Demand Common Sense
by Roger Feldman -- Bingham, Dana L.L.P.
By the time this column is published, it will be time for post mortems on the "great legislative fix" of 2000. One may have a certain confidence, however, that however substantial or modest or non-existent that fix may turn out to be, it will be at best ameliotory and likely addictive (i.e. necessitate more fixes to come).
The reasons are simple: Deregulation is not as great a thing in the electric industry as it has been (at least by some key criteria) in other formerly regulated industries. To the extent deregulation is going to be made to work, the key lies in the substantial physical revamping and upgrade of the grid on a national basis and emphasis on demand management breakthroughs. While the best aspects of the proposed legislation would create a better regionally based infrastructure to oversee "reliability," it at best offers an improved long-term institutional approach to a market that is physically discontinuous.
A key data point which supports this observation is the great price cap war currently raging. Regulator after regulations in the Deregulated States of America now has sought to address the summer shortage and price spiking phenomenon by one of the most ancient of means: fiat, California has been the most visible battleground. There, the godfather of that state’s mother of all deregulation bills – paradoxically surnamed "Peace" - now wrestles with the ISO over whether it should have price control power. The debate is framed in classic economic terms – but unfortunately without reference to the unique characteristics of the commodity in question. It runs like this, distorted markets produce unjust and unreasonable pricing. Would be suppliers are diverted to more attractive markets. The prospects of shortage and rationing are induced. The wraith of reregulation unleashed on the land by pusillanimous populists.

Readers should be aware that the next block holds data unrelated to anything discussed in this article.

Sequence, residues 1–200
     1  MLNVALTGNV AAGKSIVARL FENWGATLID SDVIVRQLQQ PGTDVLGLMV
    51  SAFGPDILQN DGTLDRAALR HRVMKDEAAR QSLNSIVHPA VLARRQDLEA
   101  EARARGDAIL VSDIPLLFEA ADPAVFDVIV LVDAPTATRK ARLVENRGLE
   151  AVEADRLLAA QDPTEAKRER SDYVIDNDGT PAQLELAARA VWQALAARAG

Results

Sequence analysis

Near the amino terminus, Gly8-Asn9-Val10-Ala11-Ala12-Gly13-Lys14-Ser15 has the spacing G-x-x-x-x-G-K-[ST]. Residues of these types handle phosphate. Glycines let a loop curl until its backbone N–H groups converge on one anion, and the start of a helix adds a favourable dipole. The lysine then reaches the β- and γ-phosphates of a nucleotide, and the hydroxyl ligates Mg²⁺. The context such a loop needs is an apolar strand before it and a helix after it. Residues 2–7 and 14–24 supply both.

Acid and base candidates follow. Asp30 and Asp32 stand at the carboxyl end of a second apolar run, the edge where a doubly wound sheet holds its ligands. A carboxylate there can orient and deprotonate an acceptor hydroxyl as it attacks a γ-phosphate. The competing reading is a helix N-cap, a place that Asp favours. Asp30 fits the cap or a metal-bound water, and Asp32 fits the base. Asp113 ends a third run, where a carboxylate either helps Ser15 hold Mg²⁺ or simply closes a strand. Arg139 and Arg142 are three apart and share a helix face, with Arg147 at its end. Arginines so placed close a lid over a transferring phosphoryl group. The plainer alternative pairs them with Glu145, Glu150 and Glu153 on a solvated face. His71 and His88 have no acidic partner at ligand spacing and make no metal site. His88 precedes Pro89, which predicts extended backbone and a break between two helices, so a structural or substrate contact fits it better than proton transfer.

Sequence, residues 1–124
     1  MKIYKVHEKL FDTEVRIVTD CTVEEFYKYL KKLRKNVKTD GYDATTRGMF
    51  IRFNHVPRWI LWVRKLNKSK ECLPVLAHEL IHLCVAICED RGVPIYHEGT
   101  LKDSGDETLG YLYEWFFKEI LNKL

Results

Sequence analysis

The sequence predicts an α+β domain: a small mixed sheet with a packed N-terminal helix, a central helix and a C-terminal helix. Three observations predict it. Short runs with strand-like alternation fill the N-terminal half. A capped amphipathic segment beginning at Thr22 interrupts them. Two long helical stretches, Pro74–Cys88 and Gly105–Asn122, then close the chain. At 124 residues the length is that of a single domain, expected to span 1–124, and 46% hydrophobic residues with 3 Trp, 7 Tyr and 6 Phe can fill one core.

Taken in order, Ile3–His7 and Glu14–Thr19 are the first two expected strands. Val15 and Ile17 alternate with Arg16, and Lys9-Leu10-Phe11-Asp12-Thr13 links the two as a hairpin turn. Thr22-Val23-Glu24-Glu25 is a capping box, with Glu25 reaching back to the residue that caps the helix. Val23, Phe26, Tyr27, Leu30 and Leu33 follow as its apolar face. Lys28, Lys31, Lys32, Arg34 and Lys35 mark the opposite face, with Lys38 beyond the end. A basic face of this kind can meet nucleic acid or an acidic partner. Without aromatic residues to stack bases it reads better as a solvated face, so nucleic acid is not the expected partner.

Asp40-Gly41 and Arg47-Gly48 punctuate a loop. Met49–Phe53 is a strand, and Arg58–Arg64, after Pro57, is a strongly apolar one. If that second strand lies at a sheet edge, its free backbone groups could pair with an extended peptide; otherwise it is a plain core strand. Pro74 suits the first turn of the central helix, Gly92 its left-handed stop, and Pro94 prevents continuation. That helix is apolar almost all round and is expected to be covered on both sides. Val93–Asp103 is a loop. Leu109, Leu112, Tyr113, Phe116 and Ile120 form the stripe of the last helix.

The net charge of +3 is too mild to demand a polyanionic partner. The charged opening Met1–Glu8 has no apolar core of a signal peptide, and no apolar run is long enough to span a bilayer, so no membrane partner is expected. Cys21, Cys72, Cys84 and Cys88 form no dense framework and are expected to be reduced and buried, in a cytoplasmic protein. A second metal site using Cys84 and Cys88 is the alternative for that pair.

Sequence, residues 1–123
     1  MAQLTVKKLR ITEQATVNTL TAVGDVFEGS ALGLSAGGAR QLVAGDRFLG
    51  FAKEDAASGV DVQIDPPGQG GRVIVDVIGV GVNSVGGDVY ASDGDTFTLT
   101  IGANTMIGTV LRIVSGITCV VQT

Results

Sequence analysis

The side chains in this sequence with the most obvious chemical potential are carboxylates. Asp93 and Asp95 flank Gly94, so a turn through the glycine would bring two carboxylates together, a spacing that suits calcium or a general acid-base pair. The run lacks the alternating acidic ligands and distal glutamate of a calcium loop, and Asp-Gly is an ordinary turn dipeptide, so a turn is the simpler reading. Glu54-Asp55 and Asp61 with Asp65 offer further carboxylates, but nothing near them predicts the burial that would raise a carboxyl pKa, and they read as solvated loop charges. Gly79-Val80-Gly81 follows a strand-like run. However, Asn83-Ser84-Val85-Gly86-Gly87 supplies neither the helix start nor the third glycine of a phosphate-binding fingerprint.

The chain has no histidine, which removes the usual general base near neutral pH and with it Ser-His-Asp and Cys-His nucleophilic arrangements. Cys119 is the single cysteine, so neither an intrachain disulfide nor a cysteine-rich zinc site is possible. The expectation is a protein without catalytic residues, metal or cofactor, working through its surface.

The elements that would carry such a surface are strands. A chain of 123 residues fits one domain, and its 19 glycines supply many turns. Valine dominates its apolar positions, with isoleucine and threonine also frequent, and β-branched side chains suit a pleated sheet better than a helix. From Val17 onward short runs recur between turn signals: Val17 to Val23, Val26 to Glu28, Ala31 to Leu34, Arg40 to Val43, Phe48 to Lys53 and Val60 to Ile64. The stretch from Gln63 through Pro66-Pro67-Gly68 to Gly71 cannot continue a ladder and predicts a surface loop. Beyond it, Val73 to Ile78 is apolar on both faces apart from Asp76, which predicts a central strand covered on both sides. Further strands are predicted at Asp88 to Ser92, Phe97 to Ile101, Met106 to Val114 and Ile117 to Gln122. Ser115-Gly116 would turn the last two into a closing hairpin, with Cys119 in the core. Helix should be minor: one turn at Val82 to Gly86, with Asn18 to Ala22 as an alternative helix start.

To which the aforesaid populists respond by arguing that California’s so-called deregulation which effectively preserved incumbent utilities market shares – thereby permitting stranded cost recovery – is not a true deregulated "open market" at all. They then go on to challenge deregulation as being supported on the flawed premise that raising prices now somehow will lead to lower prices. They further point out that this proposition represents the abandonment of the rationale for deregulation when it was originally proposed: that it would lower prices, because, that is simply what competition necessarily does.
Insight into the merits of the argument may be gained from a recent article. "Electricity Restructuring: Deregulation of Reregulation" which appeared recently in Regulation, a publication of by the generally pro free market Cato Institute. Focusing on consumer price response to market price signals as the likely best source of the beneficial efficiency desired from industry deregulation, it reaches the following empirical conclusion which lies at the crux of the debate described above:
"Thus far in the United States, real time consumer price response has not developed either in regions that have restructured or in those that have remained under traditional regulation… (T)he need for price responsive demand is made greater in a less regulated environment." (emphasis added)